Related Party Transactions: ASIC guide for public companies, and reminders for proprietary companies

ASIC recently reviewed its guidelines on the disclosure obligations of public companies and of managed investment schemes concerning related party transactions.  As a result, ASIC proposes to extend its guidelines.

Although the guidelines relate only to public companies and schemes, practitioners need to bear in mind how related party transactions are relevant to proprietary companies. So this article reviews the position for both public and proprietary companies.

 

ASIC’s Consultation Paper 142

ASIC’s Consultation Paper 142 sets out ASIC's views on how a company can comply with the Corporations Act 2001 when the company provides financial benefits to a related party.  ASIC issued the Consultation Paper to seek public comments before it updates its Regulatory Guides on related party transactions, on the content of expert reports and on the independence of experts.

You can access a copy of the Consultation Paper here .

What is a related party transaction?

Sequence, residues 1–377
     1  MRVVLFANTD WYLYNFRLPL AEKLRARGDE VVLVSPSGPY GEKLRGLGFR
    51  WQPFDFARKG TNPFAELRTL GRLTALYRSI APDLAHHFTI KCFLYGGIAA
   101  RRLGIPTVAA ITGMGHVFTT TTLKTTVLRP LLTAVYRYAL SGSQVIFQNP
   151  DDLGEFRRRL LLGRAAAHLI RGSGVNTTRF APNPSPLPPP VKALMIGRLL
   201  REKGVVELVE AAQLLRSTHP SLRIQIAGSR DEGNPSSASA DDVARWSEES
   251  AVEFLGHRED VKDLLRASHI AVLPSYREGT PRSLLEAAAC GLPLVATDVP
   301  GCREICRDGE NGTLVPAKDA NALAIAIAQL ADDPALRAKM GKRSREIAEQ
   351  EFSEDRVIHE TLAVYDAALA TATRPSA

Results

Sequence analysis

In certain circumstances, the Corporations Act requires public companies and responsible entities of managed investment schemes (an 'RE') to obtain member approval before giving a financial benefit to a related party.

A 'related party' of a public company or RE includes:

  • a company that controls the public company or RE;
  • any director of the public company or RE or of the company that controls the public company or RE;
  • the spouses, parents and children of those directors; and
  • any entity controlled by any of the entities or persons listed above.

Examples of related party transactions include:

  • issuing shares, options or other securities to directors of a public company; and
  • entering into an arrangement with a company owned by a director's family on terms favourable to the family company.

The Consultation Paper – Summary

In developing the Consultation Paper, ASIC has provided its interpretation of the related party transaction provisions in the Corporations Act.  ASIC’s objective as a regulator is to ensure investors are informed of, and make an informed decision about, such transactions.  When incorporated into a Regulatory Guide, the content of the Consultation Paper will be the benchmark against which ASIC will assess related party transactions.